Monday, September 12, 2005

Judge sets aside bail conditions for the sake of love

Tuesday, August 30, 2005

Judge sets aside bail conditions for the sake of love

Ian Mulgrew
Vancouver Sun

B.C. Supreme Court Judge Selwyn Romilly said Monday he wouldn't stand in the way of true love or the electoral process and relaxed bail conditions on Don Briere, convicted drug kingpin, accused marijuana supplier of the infamous Da Kine Cafe, and pot politician.

Flashing a thumbs up from the prisoner's dock to a handful of supporters, Briere was ecstatic at the ruling that will allow him to run for Vancouver city council in November and paves the way for him to see his lover Carol Gwilt, who also faces drug and money-laundering charges for her role at the Commercial Drive cafe.

"I can't believe it," he said. "It's great, really great."

As conditions of his release on bail earlier this year while awaiting trial, Briere was banned from the City of Vancouver except to see his lawyer or attend court. He was also restricted from seeing several people, including Gwilt.

They have been separated since their separate arrests last fall.

Romilly initially imposed the conditions on Briere June 6 when he was granted mandatory release from federal prison, where he was serving a four-year stretch for marijuana production, money-laundering and weapons offences.

He was described at the time by the RCMP as one of the biggest drug lords in Western Canada, managing a network of growing operations that spanned the province, earning millions of dollars that were washed through a Burns Lake financial office.

Briere got involved in Da Kine shortly after being released on parole for those offences, and was returned to jail on his arrest in September.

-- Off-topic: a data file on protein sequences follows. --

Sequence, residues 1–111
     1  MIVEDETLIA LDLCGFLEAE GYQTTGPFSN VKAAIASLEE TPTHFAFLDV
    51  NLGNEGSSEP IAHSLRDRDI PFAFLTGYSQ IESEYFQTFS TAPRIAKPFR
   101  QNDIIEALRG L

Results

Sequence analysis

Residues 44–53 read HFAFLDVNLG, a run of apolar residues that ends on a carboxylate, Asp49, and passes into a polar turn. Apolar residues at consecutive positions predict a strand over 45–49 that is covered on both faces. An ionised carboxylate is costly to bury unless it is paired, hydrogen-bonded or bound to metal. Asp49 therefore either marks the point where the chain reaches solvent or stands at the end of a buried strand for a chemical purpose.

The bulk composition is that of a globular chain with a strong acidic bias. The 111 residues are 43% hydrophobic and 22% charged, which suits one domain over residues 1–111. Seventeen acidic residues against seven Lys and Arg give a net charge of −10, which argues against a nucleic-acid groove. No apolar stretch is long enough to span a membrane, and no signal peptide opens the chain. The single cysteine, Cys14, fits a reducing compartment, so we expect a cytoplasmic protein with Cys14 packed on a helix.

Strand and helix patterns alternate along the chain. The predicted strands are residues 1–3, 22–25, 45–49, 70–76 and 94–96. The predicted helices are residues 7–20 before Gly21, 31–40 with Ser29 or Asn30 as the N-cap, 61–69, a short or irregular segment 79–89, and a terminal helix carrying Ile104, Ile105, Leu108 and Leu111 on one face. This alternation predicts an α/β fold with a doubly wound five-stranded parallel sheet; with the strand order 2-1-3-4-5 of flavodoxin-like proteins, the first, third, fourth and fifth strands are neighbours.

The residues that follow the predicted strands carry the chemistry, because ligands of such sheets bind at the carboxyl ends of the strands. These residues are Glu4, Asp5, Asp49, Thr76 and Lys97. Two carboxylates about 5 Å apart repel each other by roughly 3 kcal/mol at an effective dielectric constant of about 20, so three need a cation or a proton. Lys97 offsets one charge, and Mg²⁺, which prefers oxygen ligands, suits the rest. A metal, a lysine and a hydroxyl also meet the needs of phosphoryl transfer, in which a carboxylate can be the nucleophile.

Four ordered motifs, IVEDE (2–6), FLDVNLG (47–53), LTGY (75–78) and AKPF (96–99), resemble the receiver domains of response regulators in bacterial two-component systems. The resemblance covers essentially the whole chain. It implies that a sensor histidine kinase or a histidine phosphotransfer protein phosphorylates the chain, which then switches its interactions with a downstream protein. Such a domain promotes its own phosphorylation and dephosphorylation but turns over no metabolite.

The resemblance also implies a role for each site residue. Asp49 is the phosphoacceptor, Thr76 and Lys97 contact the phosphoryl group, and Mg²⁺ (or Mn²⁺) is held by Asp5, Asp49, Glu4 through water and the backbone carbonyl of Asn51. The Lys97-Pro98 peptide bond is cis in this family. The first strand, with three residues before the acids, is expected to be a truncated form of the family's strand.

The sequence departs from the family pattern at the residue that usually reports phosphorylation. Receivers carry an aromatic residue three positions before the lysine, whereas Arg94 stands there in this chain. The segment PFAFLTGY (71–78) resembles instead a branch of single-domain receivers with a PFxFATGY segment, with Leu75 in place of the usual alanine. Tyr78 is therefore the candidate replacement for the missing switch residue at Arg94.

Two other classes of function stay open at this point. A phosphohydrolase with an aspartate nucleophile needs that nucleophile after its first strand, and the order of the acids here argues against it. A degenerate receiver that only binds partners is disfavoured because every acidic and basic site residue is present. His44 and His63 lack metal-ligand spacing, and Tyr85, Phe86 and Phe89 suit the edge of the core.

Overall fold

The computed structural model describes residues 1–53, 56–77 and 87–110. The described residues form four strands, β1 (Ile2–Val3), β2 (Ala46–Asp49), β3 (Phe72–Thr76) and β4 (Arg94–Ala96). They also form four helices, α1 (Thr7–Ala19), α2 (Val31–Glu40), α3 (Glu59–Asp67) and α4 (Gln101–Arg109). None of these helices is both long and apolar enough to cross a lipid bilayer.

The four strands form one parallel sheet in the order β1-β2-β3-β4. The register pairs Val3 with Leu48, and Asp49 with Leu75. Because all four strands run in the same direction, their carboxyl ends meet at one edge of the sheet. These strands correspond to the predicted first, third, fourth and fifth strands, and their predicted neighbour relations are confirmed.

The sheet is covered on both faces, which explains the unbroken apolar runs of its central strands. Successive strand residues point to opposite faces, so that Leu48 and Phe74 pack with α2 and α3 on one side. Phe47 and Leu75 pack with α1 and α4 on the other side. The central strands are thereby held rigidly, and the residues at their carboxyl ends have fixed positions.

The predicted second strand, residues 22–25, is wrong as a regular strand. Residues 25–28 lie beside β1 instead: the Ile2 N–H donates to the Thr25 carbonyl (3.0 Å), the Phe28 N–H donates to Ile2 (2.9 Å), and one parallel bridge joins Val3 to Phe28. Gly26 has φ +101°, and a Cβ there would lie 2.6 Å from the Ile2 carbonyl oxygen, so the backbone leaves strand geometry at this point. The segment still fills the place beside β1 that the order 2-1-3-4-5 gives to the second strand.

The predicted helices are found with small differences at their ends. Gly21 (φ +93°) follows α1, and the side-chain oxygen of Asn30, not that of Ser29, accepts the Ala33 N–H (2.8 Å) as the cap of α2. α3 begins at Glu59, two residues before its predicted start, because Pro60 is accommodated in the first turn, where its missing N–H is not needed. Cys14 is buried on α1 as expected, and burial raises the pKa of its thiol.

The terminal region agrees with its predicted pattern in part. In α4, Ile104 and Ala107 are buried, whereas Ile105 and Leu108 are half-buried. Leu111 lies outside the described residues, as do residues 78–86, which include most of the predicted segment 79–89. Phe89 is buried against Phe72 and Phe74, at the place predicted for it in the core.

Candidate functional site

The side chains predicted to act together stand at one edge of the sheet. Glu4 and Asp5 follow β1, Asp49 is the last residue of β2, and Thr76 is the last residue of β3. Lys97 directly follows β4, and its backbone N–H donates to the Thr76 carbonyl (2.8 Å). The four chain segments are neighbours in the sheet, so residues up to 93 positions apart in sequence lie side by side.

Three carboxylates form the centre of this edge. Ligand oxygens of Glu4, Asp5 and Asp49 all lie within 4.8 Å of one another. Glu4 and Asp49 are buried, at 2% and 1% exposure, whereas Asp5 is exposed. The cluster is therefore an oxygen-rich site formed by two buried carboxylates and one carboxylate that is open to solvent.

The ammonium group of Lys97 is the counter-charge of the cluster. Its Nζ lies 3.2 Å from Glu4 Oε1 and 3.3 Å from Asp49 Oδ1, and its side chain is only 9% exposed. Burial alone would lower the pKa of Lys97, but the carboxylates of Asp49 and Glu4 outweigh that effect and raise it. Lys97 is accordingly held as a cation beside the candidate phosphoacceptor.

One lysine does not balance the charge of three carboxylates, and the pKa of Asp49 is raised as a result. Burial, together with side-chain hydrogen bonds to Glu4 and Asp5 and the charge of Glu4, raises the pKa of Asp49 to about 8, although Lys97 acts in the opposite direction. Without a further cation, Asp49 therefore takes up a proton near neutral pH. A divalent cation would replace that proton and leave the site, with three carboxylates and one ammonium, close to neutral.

However, he is also a marijuana activist and politician who has run in two elections -- the last as the first provincial candidate to run from inside a federal penitentiary.

His lawyer Richard Levenson told Romilly that Briere wanted the geographic restriction in his bail conditions relaxed so he could run for council and he outlined the seriousness with which Briere had conducted his previous campaigns.

"I thought you couldn't run for office with a prior conviction -- shows you I'm just right out of the loop," Romilly quipped.

In 2002, the Supreme Court of Canada struck down the law that stripped the right to vote from inmates sentenced for serious offences, and there now is no law precluding prisoners from running in an election provided they meet the normal nomination criteria.

"A noble purpose," Romilly said, dismissing the Crown's objections, "a very noble purpose indeed. While I'm tempted to maintain my original terms, because of the purpose for which he wishes to have this term of release deleted, I'm satisfied the deletion should take place. I'm going to amend my original order."

With an initial victory in hand, Levenson then asked Romilly if he might stretch his luck and also have removed the restriction on contact with Gwilt.

"This is his lover," the judge asked surprised.

"Yes," Levenson said.

"And still his lover?" Romilly prodded.

"That would violate your conditions," Levenson replied lightly.

Romilly had imposed his original order expecting Briere already to have been tried and the bail conditions by this point moot.

But his trial now is slated to begin next spring.

"[Maintaining the condition] would mean he has to be without his lady love until next year?" Romilly asked.

Levenson nodded.

"I think the term should be removed," the judge said.

Briere beamed.

He left court to organize his campaign, but he still couldn't call his sweetie.

Gwilt was as happy as Briere when I called her.

"Oh, God," she repeated several times. "Oh, God, that's just great. You've got to excuse me, Ian, I've got to go dance."

Before the couple can embrace, provincial court Judge William Kitchen must agree to repeal the reciprocal restriction of contact he imposed on Gwilt.